The Times West Virginian

Local News

December 4, 2012

Safe environment

Child Advocacy Center helps victims of abuse

FAIRMONT — Childhood trauma is a serious issue that researchers are only beginning to understand.

Recent studies indicate that kids exposed to traumatic incidents during their formative years have a more difficult time as they grow up, from experiencing poorer health to their peers to duplicating the behavior that hurt them as a child.

It’s difficult to completely prevent abuse from happening, but organizations like the Child Advocacy Center (CAC) in Fairmont, a United Way of Marion County member agency, work to make sure victims see justice without having to relive the event over and over in the telling.

Mike Baker, director of the center, said it’s difficult to hear the stories kids tell, but it’s rewarding to be able to get them the help they need.

“It’s an ugly business that we do, but I wouldn’t ever want to go back to the days before we had a Child Advocacy Center,” he said.

The CAC performs forensic interviews with children who may be victims of abuse. Kids are referred to the center by police, the prosecutor’s office and Child Protective Services when there is a suspicion of abuse taking place.

“We provide a safe, child-focused, family-friendly environment where they can tell their story,” Baker said.

The center employs an interviewer trained in working with children, and interviews are conducted away from the business parts of the center.

 

Full story

1
Text Only
Local News
  • Alecto executive to speak at chamber dinner

    The Marion County Chamber of Commerce’s 61st annual dinner is putting a spotlight on the future of Fairmont General Hospital.

    July 30, 2014

  • Alva Groves.JPG Remains of Korean War veteran coming home

    After 63 years, the remains of a Korean War veteran are coming home.
    Those remains are of Cpl. Alva Clifford Groves, of Four States, who lost his life during the Korean War. Groves will be brought home to West Virginia on Tuesday, Aug. 5.

    July 30, 2014 1 Photo

  • $5,000 allocated to Korean War Veterans Memorial

    The Korean War Veterans Memorial in Marion County is closer to completion thanks to an allocation from the county commission.

    July 30, 2014

  • Fairmont man arrested on heroin charges

    A Fairmont man has been arrested on heroin charges.

    July 30, 2014

  • Ronald Mersky-EG.JPG Landfill safety taught at workshop

     Educators from around the state started a three-day workshop to learn more about recycling.
    The Marion County Recycling and Litter Control, and Project ALERT partnered with West Virginia University and NASA IV & V Facility to host “Marion County, West Virginia, Earth and Beyond” workshop.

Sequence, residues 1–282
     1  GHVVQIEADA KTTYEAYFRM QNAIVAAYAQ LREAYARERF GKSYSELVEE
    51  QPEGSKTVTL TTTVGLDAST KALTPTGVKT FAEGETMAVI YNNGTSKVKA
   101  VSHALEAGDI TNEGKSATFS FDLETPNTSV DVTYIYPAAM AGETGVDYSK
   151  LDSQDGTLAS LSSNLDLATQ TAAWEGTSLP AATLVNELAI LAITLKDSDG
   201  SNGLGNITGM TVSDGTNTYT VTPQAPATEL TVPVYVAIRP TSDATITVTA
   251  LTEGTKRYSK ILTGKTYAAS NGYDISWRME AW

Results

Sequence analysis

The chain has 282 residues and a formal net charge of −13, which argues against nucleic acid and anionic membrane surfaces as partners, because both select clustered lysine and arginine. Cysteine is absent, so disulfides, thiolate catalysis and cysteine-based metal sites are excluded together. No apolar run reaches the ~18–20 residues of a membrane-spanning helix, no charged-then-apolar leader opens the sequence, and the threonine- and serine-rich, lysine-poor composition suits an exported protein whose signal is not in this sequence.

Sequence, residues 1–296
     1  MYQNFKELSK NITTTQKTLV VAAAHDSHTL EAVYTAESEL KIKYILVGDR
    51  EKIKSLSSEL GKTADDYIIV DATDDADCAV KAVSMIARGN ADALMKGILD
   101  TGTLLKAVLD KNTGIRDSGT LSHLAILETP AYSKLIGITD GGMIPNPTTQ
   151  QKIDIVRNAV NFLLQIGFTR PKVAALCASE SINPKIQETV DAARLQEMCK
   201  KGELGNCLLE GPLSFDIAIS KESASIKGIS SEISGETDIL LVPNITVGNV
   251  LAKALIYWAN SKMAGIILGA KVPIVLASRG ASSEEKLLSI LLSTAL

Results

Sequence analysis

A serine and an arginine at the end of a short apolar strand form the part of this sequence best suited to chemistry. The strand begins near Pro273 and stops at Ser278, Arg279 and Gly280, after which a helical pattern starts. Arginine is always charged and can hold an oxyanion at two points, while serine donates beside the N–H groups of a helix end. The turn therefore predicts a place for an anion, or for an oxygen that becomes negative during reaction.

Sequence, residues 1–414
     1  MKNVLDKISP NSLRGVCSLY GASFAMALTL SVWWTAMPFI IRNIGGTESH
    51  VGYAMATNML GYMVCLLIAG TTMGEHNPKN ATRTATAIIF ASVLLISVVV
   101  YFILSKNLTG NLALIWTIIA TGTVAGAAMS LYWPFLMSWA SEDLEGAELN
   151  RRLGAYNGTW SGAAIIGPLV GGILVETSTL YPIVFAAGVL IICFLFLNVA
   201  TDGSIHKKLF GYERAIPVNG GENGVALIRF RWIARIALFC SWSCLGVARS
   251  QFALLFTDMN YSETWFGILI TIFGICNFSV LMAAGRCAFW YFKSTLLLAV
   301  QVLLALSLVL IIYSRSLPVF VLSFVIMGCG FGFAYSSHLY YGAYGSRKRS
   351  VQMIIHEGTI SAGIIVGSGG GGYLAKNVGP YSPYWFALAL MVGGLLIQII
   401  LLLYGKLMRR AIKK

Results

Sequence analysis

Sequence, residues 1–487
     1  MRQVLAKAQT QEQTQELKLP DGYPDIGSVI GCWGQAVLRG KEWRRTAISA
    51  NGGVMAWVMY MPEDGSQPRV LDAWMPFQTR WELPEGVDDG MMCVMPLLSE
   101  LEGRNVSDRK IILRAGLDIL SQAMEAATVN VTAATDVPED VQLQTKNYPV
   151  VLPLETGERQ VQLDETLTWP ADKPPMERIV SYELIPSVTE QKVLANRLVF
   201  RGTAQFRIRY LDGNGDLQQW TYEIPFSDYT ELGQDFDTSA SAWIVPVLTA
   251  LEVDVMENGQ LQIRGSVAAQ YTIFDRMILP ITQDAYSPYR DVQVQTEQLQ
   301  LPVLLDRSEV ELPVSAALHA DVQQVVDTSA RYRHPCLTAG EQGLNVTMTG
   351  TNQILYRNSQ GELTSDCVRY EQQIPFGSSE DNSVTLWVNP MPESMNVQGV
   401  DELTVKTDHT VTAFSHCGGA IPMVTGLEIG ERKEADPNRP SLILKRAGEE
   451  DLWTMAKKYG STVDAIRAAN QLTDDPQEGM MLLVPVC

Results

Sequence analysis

On Tuesday, educators learned more about recycling solid waste material properly.

    July 30, 2014 2 Photos

  • FirstEnergy ending retiree health care subsidies Dec. 31

    he end is drawing near for FirstEnergy Corp.’s health care subsidies for retirees.
    As of Jan. 1, 2015, FirstEnergy will no longer provide subsidized health care for retirees. Todd Meyers, spokesman for Mon Power, which is one of the utility companies under FirstEnergy, said this was a complex decision.
    “It’s a difficult thing, I know, but health care costs have skyrocketed in this country and many companies have had to unfortunately trim back on health care,” he said.

    July 30, 2014

  • Alecto plans changes for FGH

    Fairmont General Hospital’s sales proceedings are moving forward with the approval of Alecto Healthcare Services Fairmont LLC’s Certificate of Need (CON) by the West Virginia Healthcare Authority July 21.
    In West Virginia, a CON is required of all health care providers before they add or expand health care services, exceed the capital expenditure threshold of $3,048,803, obtain medical equipment that is valued at $3,048,803 or developing or acquiring

    July 30, 2014

  • City wooding door -ts.jpg City needs ‘room to grow’

     Fairmont city officials and staff boarded a city bus Tuesday to take tours of three potential sites for a new Municipal Building Complex.
    One of the sites was the Huntington Bank on Adams Street downtown, followed by the City Center building (also known as the old Post Office) and the Masonic Temple on Jefferson Street. While the Huntington Bank building currently houses both Huntington Bank and additional tenants, the City Center building and the Masonic Temple are both currently vacant. The city currently owns the Masonic Temple; if chosen, the other two properties would need to be purchased from their present owners.

    July 30, 2014 9 Photos

  • Fairmont man sentenced for sexual assault, burglaries

    A Fairmont man will serve three to 35 years in prison for sexually assaulting a juvenile and for nighttime burglaries.
    Matthew Allen Martin, 26, of Fairmont, entered a plea agreement with the state Tuesday. He pleaded guilty to sexually assaulting a 14-year-old girl and two counts of burglary.

    July 30, 2014

  • FGH sales proceedings move forward

    Fairmont General Hospital’s sales proceedings are moving forward with the approval of Alecto Healthcare Services Fairmont LLC’s Certificate of Need by the West Virginia Healthcare Authority July 21.

    July 29, 2014

Featured Ads
TWV Video Highlights
NDN Editor's Picks
House Ads